My husband woke me up late last night and we sat in the hallway that connects the bedroom in our house, because it’s the only place that doesn’t have windows. (We don’t have a basement.) We waited, listening to the wind roar through the trees outside.
Teaching remotely has been challenging. That sounds like a bad thing, but challenges are opportunities, despite often being unpleasant to go through. Some of that opportunity is the freedom to explore what I think should be accomplished in the courses I teach and why I think those things matter.
But at the same time, there’s a bit of resentment that comes with that, because I know that freedom isn’t going to last. A lot of the online programs that I’m getting to try out are offering access only for this school year. After that it’ll be proposals and purchase orders and budgets. It’s exhausting. Just thinking about all of the hoops teachers have to jump through to get to do something new or different is discouraging. I understand that it’s important to consider decisions like that carefully; I definitely support wanting to make informed decisions. But it’s also an awful lot of work for something that may not even happen.
And that then chips away at my sense of purpose. Why should I bust my tail developing plans and activities for something that’s so temporary? I have curricular materials that work well; anything new that I develop will have to take the place of something else. Moreover, the learning environment will be different, so I’ll need to adjust the plans for that as well.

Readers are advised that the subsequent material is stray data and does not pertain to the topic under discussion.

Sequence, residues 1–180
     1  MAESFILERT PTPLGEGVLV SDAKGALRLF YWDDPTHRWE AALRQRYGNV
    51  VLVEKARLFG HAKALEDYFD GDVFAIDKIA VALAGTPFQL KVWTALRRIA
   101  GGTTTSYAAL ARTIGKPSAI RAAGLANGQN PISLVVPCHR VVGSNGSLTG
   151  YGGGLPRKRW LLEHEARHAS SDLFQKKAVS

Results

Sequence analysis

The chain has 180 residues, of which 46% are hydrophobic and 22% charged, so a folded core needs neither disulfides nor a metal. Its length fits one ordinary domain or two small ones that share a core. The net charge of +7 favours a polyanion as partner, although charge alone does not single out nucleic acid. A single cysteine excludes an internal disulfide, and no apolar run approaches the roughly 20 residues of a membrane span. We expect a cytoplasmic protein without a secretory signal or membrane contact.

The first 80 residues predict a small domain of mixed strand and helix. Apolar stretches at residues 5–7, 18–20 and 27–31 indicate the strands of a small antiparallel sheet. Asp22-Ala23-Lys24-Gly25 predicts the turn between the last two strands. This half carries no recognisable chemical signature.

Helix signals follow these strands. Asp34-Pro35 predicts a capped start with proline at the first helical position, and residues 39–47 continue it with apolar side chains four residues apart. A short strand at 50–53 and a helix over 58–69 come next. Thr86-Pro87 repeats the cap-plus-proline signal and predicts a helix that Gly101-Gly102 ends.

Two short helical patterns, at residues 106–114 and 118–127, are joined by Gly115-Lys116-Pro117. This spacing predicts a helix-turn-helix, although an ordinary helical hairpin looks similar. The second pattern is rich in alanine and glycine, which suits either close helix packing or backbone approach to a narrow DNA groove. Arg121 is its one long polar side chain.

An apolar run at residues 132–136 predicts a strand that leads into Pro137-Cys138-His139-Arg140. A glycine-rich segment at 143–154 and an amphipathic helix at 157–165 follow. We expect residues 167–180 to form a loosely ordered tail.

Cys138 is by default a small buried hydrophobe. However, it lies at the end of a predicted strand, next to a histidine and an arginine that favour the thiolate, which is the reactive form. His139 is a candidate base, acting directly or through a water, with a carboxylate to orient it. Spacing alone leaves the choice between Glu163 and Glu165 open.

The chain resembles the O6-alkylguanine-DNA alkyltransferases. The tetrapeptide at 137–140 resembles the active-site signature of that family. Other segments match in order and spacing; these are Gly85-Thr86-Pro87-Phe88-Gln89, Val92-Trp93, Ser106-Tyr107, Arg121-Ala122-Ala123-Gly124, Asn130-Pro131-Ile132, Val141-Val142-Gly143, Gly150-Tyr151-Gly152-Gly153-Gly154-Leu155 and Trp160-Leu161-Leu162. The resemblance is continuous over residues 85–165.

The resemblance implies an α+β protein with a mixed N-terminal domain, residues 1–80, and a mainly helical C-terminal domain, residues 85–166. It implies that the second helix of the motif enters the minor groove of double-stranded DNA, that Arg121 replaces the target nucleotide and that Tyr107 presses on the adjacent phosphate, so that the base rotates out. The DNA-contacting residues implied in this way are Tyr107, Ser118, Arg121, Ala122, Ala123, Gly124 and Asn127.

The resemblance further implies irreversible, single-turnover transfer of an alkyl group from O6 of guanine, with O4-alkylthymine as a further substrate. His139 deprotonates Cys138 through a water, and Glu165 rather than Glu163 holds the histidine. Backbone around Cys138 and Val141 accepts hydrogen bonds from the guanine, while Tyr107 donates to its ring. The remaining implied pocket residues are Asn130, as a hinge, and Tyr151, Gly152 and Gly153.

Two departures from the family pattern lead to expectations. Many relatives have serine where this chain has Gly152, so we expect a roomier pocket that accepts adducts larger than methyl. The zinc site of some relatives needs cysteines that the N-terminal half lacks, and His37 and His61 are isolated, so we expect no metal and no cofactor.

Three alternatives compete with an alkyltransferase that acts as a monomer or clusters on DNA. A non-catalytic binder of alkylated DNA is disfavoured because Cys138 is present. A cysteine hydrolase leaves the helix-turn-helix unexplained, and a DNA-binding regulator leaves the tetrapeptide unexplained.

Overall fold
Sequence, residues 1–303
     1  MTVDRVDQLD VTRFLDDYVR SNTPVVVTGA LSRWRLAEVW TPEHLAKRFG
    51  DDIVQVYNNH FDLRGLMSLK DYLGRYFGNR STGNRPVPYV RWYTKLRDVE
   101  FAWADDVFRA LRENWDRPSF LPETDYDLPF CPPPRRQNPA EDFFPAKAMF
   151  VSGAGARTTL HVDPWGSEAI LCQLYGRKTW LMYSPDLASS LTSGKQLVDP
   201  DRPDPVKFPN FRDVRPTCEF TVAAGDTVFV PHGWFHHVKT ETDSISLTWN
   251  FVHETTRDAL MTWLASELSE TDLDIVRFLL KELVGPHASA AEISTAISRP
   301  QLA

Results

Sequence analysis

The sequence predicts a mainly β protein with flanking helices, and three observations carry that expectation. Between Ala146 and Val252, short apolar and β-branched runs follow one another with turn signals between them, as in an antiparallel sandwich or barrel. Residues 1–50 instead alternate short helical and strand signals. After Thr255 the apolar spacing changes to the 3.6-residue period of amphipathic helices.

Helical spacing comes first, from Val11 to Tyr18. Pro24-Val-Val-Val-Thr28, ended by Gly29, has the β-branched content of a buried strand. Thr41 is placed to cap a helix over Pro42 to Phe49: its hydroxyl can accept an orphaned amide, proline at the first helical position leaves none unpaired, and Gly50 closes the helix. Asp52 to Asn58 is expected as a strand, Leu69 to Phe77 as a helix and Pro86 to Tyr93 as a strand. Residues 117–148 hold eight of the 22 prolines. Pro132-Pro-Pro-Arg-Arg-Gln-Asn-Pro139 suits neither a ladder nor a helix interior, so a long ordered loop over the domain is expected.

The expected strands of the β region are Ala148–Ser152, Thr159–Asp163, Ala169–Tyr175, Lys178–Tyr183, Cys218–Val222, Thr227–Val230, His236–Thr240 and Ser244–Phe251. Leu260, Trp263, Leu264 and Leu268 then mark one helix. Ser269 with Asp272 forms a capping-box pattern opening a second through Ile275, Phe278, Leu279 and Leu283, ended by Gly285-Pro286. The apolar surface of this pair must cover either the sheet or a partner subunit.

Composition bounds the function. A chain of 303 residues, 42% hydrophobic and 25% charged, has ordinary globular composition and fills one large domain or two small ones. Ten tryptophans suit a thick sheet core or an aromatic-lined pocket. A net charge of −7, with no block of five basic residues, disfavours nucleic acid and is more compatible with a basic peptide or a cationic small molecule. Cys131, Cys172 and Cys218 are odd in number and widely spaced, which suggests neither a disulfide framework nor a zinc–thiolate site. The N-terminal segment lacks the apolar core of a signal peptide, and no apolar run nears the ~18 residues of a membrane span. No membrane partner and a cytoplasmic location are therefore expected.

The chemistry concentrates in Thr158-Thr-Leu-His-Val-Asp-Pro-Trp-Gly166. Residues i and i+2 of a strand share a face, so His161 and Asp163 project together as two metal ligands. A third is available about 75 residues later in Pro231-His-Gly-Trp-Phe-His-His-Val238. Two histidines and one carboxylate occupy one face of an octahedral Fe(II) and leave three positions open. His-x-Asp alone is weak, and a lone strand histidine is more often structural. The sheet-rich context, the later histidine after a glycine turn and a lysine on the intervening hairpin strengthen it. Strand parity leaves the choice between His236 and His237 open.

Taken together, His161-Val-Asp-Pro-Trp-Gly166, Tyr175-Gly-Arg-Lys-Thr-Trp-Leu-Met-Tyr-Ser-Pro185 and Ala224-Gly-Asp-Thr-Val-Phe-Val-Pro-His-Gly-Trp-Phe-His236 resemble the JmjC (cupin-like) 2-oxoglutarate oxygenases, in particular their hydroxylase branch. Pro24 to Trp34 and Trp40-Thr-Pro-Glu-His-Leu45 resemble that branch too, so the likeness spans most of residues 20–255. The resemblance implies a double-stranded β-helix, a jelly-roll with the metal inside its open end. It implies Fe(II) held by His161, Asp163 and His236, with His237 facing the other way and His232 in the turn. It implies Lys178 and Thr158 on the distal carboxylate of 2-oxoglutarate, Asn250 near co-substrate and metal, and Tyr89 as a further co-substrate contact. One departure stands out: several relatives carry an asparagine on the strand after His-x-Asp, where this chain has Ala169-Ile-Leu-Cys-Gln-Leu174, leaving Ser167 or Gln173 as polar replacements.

So tonight we picked up dinner from Bob’s Brick Oven! He’s opened a temporary location in conjunction with some of the food trucks in Rock Spring. It was really nice to get out of the house, although I felt a little guilty because we didn’t really need to go get pizza. But we followed the guidelines, plus it’s important to support local businesses. I really hope that they’re able to open up again more permanently.
We were going to go to the battlefield to eat, but the road was closed. We didn’t go up close to look at the signs, but according to the Facebook page for Chickamauga & Chattanooga National Military Park, it’s completely closed. I’d heard that they’d closed the visitor center, but was unaware that the entire area had been shut down. They do have rangers patrolling the area to keep an eye on things.
I hate half-knowing things. I know that this can’t last forever. But I hate not knowing how long it’s going to be. I hate hoping that my students are okay, but not actually knowing that they are. It makes me anxious to think that there’s a good chance we’ll go back to school as usual in the fall, but not to know for certain.
Blogging every day is a LOT. I feel like this gets repetitive. And I’m feeling a lack of motivation that I think stems from a lack of purpose. I started blogging every day as a way to stay in touch with my students. I’d asked them to blog daily, so it seemed reasonable to do it myself. It served as an example so they’d know what I was looking for in their posts, and also they could use these posts for their comment requirement even if nobody else posted anything.
But I’m realizing that responding to others is at least as important as writing. And so, I’m going to ease back on the time I spend writing and try to increase how much time I spend responding.
A few years ago, something brought Dante’s Inferno into my mind while I was working on lessons for Julius Caesar. What I had never fully realized before was that while Brutus is arguably the protagonist of Shakespeare’s play (despite the fact that he’s not the title character), up until that point he was primarily seen as a villain. In fact, Dante places him and co-conspirator Cassius in the very deepest pit of Hell along with Judas Iscariot!
Much of Shakespeare’s audience would have been familiar with that perspective on Brutus and Cassius, and titling the play The Tragedy of Julius Caesar plays up those expectations. Then Shakespeare takes that perspective and stands it on its head, making Brutus the tragic hero and showing the story from his point of view.